Belated efforts to qualify some of the entrants delayed the start of the Silver Cup first heat. The Canadian-owned Miss Supertest with Bill Braden driving passed the requirement of at least 60 miles an hour with a lap clocked; at 69.673. George Zigas' Thunderbolt was nearly as fast with 69.52 and Fageol pushed the throttle way down to get a qualifying speed of 82.60 m. p. h. out of Hornet-Such Crust.
But Schafer's Such Crust III had trouble. A shift of drivers, from Chuck Thompson to Walter Kade may have had something to do with it. In the first circuit the stop-watches pointed only to a speed of 36 miles an hour. But Kade, with the reprieve of a second trial, got under the wire with a speed of 60.211. One of the seven liter craft. the rough-riding Guided Missile, driven by Bob Grattan, was ruled out as being far too slow.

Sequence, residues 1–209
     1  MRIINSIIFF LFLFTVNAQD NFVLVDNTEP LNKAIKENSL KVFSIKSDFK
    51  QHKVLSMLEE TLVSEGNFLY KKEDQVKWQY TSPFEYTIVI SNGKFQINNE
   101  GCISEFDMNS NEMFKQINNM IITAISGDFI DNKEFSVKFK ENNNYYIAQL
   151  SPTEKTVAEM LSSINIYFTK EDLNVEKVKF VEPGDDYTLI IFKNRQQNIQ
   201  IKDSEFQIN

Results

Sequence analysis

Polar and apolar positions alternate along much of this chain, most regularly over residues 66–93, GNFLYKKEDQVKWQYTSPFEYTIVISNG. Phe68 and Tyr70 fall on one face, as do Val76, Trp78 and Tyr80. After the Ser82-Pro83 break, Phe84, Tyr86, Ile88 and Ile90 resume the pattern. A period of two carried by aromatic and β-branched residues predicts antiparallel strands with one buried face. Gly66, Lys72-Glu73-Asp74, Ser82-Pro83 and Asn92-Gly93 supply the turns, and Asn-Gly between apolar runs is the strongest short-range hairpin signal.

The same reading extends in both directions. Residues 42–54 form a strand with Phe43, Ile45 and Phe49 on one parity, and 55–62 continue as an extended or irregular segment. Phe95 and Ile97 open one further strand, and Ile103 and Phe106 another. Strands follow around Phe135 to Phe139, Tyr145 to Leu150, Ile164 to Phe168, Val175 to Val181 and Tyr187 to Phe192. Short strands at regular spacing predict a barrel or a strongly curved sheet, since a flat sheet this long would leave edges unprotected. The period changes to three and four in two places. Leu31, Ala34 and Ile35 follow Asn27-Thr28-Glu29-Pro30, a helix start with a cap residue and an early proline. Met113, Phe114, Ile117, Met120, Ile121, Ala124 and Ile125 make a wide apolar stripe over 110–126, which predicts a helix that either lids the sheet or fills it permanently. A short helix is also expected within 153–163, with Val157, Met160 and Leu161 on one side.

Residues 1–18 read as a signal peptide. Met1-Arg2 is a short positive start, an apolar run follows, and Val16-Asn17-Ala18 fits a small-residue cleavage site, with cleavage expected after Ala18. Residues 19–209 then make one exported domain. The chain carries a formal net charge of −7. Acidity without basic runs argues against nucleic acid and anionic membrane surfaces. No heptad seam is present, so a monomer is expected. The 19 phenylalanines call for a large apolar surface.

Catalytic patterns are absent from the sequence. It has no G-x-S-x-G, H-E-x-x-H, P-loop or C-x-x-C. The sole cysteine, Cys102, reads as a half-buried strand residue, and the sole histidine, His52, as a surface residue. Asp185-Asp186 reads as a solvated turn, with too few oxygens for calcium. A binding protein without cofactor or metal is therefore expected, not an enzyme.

Two of the speedsters, that helped make the first Silver Cup heat look good were actually just going, along for the ride. Such Crust III and Dodge's My Sweetie with Al D'Eath driving were disqualified for starting after the leading boat had completed a full lap. But they continued to the lap's end, oblivious of the tell-tale red flag that the officials' tower was waving at them. Curiously. a similar disqualification for the same rule infringement cut Kade and Such Crust III out of the second heat, and in this test Roughneck, driven by B. G. Bartley Sr. of Pittsburgh was disqualified for cutting a course buoy.